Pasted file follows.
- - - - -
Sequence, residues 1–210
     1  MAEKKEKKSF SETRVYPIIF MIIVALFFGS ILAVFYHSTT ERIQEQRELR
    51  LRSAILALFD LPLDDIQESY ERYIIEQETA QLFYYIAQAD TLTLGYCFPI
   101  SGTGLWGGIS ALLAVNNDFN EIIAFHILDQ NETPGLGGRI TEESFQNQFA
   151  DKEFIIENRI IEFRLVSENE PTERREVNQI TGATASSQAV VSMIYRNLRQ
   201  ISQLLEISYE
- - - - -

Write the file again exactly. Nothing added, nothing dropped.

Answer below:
Sequence, residues 1–210
     1  MAEKKEKKSF SETRVYPIIF MIIVALFFGS ILAVFYHSTT ERIQEQRELR
    51  LRSAILALFD LPLDDIQESY ERYIIEQETA QLFYYIAQAD TLTLGYCFPI
   101  SGTGLWGGIS ALLAVNNDFN EIIAFHILDQ NETPGLGGRI TEESFQNQFA
   151  DKEFIIENRI IEFRLVSENE PTERREVNQI TGATASSQAV VSMIYRNLRQ
   201  ISQLLEISYE